Robin Soans, Sian Clifford, Adam Best, Kevin McMonagle, Dearbhla Molloy, Joseph Rowe, Shane Zaza, Charles Mnene, Tricia Kelly
The Arcola’s production of David Watsons third play is a sophisticated audio-visual affair. Its utilisation of wrap-around video footage, surround sound and physical effects is a media students dream. Butdoes the production prioritise technical wizardry over substance?
This is a real concern as the audience take their seats in the middle of the theatre (there are no chairs, just cushions). But it’s one that proved to be unfounded.
From placing you in the back of a car driving through the rain in NorthernIreland to situating you in a park watching a child cycle in circles, the use of multimedia isnever an end in itself; rather, it serves to fully immerse the audience in the world of the play.
The effect of four walls of video projections (akin to going on a 3D ride at a theme park) isall-encompassing, visceral, dislocating and highly successful.
The eponymous Vincent (Adam Best) is a restless and rootless wanderer, with an accenthailing from County Down but whose immediate family is living in Australia. A part-timeartist, he is still in love with Rachel (Sian Clifford), who has swapped both their relationshipand university-era purple hair and piercings for smart clothes, marriage and a Kafkaesque office, stacked floor-to-ceiling with ring binders.
Vincent is introduced in the second of four scenes, each of which take place on a different sideof the theatre and introduce three pairs of characters all of whom are (or will be) connectedby him.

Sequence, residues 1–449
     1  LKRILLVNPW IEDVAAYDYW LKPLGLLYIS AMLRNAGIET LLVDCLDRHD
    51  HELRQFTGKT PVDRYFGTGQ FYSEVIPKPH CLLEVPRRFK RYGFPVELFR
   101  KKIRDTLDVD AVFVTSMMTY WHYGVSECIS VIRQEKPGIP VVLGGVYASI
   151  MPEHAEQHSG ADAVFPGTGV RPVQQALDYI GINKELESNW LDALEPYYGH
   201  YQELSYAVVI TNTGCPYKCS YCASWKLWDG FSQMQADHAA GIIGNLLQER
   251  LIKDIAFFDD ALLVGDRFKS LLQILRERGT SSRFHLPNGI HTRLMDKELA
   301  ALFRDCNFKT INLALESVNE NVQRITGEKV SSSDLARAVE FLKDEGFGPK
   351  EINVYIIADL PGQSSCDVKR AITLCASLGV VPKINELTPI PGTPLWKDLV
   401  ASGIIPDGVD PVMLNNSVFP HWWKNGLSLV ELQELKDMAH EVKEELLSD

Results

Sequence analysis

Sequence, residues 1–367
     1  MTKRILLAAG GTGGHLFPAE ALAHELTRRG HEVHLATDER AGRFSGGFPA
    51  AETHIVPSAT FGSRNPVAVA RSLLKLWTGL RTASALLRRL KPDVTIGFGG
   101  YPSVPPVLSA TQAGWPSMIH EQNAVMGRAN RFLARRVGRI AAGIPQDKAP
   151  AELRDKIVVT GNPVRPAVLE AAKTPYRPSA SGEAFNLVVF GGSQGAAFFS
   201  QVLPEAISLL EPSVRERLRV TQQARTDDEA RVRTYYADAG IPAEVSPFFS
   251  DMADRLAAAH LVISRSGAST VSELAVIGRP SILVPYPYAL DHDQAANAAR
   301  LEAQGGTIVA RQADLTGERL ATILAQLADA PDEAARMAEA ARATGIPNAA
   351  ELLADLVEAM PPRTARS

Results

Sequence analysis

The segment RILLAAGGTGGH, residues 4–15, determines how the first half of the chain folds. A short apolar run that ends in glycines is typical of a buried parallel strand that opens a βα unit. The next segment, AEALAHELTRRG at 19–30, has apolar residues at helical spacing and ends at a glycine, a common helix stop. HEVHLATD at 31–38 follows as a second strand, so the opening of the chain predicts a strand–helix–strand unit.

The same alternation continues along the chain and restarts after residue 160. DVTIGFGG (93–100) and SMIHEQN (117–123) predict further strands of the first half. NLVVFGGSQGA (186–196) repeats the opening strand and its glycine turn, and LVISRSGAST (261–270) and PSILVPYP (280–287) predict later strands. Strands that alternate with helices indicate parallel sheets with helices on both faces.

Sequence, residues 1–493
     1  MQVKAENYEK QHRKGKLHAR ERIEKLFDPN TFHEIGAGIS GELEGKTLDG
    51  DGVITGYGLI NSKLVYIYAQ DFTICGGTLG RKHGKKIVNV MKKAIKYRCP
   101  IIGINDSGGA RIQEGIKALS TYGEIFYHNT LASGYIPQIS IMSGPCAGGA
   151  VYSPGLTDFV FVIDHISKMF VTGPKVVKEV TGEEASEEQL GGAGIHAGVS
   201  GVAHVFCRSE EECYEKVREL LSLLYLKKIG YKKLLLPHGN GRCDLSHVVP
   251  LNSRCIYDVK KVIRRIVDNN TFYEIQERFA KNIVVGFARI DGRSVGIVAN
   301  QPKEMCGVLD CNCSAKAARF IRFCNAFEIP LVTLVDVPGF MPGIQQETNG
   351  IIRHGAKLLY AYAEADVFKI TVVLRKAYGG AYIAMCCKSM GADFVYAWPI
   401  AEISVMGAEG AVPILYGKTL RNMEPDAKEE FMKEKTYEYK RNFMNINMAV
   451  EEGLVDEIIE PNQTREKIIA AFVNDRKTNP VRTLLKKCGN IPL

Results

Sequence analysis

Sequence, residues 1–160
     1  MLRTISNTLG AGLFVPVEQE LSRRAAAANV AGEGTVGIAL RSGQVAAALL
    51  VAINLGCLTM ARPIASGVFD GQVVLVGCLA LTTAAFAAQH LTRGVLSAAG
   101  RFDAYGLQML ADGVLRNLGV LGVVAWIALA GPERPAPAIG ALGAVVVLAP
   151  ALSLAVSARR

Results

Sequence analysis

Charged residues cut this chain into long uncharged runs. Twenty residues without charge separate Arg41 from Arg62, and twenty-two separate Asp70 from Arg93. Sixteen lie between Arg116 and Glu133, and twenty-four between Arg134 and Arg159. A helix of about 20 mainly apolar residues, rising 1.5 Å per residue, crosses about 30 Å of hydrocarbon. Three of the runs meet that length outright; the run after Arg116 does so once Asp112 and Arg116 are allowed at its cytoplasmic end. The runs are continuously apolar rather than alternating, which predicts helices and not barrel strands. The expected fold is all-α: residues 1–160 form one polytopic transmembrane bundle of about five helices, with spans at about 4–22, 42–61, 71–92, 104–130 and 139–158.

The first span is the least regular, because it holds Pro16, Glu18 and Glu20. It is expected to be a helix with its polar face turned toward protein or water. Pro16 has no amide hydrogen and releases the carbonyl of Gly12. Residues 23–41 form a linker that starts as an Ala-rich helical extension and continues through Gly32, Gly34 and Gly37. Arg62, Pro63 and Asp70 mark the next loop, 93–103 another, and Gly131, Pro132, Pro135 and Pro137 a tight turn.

It is ironic, then, that in spite of Bests nuanced performance, Vincent is the least interestingperson in the play. The rhetoric of breaking free and living spontaneously that he employs totry and persuade Rachel to come to Australia with him sounds tired and stale, a verbal habitthat is as self-conscious as the hat he wears.
In this regard, it is appropriate that one of the rare instances where the technical element ofthe play feels contrived is a video interlude of Vincent and Rachel talking on the MillenniumBridge. The significant time delay between the jerky, looped footage of their movementsand their dialogue shouts look, were making a point in a heavy-handed manner that, whileseemingly unintended, is well suited to Vincent. He is a perpetual student who can only findmeaning in dramatic gestures.
Another, more important issue is the way in which the suicide bomber plotline, which servesto bring the various disparate characters together, falls flat. The terrible consequences for asociety that alienates, disenfranchises and, as a result, radicalises youths in ethnic minoritiesis a well-rehearsed theme. The ambiguity of the language of self-betterment used by thebomber, Amar Saleem (Shane Zaza), is interesting but, in general, there is little here thathasnt already been done elsewhere.
In fact, the play is at its best when focusing on the older characters and their stories. RobinSoans is riveting as Dennis, the piano teacher tortured by illicit desire for his childlikestudent, Christopher. And Dearbhla Molloy is no less compelling as Irish grandmother Anne;hardened by years of isolation and familial neglect, her expressionless reaction to the newsthat her grandson, Vincent, has died in the bombing is a powerful evocation of the cost ofsurviving.
David Watson and director Clare Lizzimore have created a thoughtful and deeply moving production in which every element verbal, visual or aural is rigorously deployed tointensify the depiction of a society defined by inarticulacy and miscommunication, butnot without hope. Vincents explosive death not only foregrounds the black comedy ofthe plays title, but also frees Rachel to chart a course through life that is not dictated bythe same polarities of conformity or rebellion that have proven so destructive elsewhere.